'They sent them literally into a death trap': Families recall horror as Covid-19 ravaged Massachusetts veterans home
Updated 1959 GMT (0359 HKT) June 26, 2020
(CNN)While serving in the Navy during the Korean War, Robert Blais once jumped overboard to rescue a fellow sailor.
"He gave his life jacket to save a man," his daughter Sheryl Blais said, recounting a favorite story of the man she so admired. Her father didn't drown that day in the Pacific. But he would drown by Covid-19 many decades later on the morning of March 30, when the disease flooded his lungs with fluid.
Blais, who was 90, spent his final months of life at the Soldiers' Home in Holyoke, 90 miles west of Boston. As the virus ravaged the facility, no fewer than 94 veterans lost their lives, at least 76 of those lost testing positive with Covid-19.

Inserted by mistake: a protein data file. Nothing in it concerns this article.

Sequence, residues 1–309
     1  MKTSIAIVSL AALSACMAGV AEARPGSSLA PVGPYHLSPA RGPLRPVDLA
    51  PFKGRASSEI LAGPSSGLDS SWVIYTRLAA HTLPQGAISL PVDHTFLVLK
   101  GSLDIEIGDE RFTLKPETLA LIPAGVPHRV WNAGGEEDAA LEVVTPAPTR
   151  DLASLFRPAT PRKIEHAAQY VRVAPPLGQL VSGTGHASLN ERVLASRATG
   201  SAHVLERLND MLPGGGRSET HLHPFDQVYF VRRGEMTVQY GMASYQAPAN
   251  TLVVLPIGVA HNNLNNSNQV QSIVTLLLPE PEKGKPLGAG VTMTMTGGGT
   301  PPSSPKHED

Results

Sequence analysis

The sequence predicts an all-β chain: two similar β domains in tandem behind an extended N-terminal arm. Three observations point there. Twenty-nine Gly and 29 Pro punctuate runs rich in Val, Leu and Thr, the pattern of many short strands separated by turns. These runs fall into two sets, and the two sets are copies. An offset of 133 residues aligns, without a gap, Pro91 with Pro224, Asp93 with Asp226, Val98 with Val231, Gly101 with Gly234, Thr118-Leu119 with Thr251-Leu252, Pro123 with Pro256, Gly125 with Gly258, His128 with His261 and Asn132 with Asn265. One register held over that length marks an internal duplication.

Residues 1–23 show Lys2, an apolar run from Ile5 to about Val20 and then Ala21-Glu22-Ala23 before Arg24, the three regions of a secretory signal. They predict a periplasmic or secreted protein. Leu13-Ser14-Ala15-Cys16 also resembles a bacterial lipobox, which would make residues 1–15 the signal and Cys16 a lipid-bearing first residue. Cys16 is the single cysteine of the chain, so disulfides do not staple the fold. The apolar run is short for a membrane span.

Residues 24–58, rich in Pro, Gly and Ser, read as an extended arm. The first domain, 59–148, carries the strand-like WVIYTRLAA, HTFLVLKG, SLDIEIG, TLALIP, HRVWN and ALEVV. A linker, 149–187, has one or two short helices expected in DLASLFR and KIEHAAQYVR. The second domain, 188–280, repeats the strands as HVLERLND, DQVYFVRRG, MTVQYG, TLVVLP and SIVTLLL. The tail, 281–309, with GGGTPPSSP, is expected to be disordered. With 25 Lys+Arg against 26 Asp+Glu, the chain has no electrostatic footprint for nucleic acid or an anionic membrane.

Massachusetts Gov. Charlie Baker commissioned an independent investigation, with the final 174-page report released Wednesday.
In one line of that report a social worker calls out a decision superiors gave to consolidate infected and healthy veterans together in a single ward. The worker noted that transferring the former soldiers downstairs was "like moving the concentration camp — we (were) moving these unknowing veterans off to die."
Another harrowing interview in the investigator's report described a health worker soothing one veteran while "across from him is a veteran moaning and actively dying."
The worker explained that nearby "is another veteran who is alert and oriented, even though he is on a locked dementia unit. There is not a curtain to shield him from the man" in his last throes.